It's hard to believe that we are in June already - although the pace at work tells me it can only be the hectic early weeks of yet another garden season. Not that I am complaining in the least - this is my favourite time of the year by far!
I'm not sure what to believe in regards to the predictions for weather for this area for the next three months. TWN claims that we are in for a repeat performance of last year - noticeably cooler temperatures with an increased amount of precipitation - although from what we've had thus far, I'm not so sure about the whole precipitation prediction. Its been bone dry so far, and what little precipitation we see is usually in the form of a much reduced amount than originally predicted. Alas, with the third retractable hose of the season thus far [oh yes, I refuse to give up hope just yet as once you've used one of these wonders, its hard to go back to fighting with the unforgiving plastic ones, even if I've spent enough to probably buy ten of them twice over! Stubborn fool I've become since turning fifty earlier in the week!]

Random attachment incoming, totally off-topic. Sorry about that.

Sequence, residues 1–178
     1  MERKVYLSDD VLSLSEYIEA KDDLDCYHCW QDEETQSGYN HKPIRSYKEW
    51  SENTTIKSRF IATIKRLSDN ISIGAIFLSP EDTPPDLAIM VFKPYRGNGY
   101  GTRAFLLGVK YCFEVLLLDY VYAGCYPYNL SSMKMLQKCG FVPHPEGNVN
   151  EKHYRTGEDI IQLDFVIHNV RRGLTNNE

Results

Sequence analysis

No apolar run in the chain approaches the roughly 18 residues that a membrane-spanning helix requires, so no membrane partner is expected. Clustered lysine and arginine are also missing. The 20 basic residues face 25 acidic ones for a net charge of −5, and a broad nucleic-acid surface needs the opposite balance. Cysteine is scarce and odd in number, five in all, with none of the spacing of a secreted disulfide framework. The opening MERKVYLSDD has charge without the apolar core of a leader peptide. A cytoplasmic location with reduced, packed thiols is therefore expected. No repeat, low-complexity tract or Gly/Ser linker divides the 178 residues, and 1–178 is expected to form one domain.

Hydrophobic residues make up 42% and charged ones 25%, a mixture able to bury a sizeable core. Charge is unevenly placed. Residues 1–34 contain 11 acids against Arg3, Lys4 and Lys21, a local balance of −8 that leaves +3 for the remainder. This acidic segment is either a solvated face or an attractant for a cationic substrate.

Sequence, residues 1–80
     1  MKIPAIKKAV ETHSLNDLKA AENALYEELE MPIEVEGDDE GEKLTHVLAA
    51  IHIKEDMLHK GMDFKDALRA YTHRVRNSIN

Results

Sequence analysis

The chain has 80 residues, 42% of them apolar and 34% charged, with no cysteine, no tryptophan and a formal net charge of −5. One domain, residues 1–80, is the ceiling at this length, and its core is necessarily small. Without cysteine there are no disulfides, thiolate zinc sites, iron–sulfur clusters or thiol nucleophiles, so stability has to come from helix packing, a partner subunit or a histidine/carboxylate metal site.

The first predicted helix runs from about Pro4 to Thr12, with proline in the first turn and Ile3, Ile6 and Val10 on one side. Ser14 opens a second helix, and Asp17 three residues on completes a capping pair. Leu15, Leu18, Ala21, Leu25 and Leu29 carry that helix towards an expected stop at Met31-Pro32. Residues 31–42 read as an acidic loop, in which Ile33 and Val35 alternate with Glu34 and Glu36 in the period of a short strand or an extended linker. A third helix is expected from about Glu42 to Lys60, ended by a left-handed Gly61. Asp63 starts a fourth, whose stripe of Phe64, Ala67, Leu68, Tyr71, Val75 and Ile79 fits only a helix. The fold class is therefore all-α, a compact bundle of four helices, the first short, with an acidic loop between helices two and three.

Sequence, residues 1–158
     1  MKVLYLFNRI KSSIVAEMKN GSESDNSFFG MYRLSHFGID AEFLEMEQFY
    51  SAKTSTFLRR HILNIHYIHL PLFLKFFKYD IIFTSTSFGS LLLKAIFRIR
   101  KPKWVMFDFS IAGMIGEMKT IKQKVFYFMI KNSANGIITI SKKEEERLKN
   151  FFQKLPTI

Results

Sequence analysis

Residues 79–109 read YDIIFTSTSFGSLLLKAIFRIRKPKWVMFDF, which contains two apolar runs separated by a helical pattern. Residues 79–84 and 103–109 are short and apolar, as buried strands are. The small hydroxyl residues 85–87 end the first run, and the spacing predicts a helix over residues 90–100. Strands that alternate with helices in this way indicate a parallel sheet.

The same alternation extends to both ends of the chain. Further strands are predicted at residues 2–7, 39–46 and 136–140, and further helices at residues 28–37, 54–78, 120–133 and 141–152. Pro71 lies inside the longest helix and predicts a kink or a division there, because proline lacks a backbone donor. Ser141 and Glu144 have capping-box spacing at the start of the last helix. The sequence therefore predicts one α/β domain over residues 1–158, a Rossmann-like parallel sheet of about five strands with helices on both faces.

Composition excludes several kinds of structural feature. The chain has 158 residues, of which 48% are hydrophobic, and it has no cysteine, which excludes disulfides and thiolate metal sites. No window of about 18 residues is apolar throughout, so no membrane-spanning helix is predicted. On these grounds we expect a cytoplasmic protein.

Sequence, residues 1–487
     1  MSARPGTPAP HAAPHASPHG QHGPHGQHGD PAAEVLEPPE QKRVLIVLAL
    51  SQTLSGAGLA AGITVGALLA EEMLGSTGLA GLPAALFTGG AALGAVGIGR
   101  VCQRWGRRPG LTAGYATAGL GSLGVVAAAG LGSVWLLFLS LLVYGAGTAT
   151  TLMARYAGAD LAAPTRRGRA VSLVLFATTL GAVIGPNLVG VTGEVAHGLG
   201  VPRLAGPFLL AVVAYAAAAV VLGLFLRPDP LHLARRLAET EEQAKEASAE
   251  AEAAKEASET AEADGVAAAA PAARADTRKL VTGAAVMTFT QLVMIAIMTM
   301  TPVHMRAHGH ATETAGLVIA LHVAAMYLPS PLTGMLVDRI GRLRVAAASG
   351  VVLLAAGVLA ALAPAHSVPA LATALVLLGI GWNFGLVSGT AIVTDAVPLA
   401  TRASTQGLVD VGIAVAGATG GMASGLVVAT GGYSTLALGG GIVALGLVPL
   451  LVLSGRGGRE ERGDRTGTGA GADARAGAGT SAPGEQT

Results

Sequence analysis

The first photo shows why I live for foliage! Every year, without fail, the green voodoo magic transforms the narrow space between mine and the neighbour's house into a tapestry of colour, form and magical texture. It truly does make the heart sing!
One of my acquisitions from last season was a diminutive specimen of what is my favourite conifer - Abies concolor 'Blue Cloak' - which is supposedly a weeping form! He remains quite small, but as you can see, his long needles definitely live up to his adorable name. I think I have another shot later in the post to show his actual stature. I was contemplating naming him Tyrion, but worried that GRRM might take offence and sue!
While I do not cultivate many bulbs here at Teza's Garden, I refuse to be without the stunning Nectaroscordum siculum var. 'Bulgaricum.' Its cream and wine coloured bell shaped flowers that hang in umbels atop stems to 1m are nothing short of mesmerizing. I sometimes wait to hear the bells that should be accompanying their presence in the garden!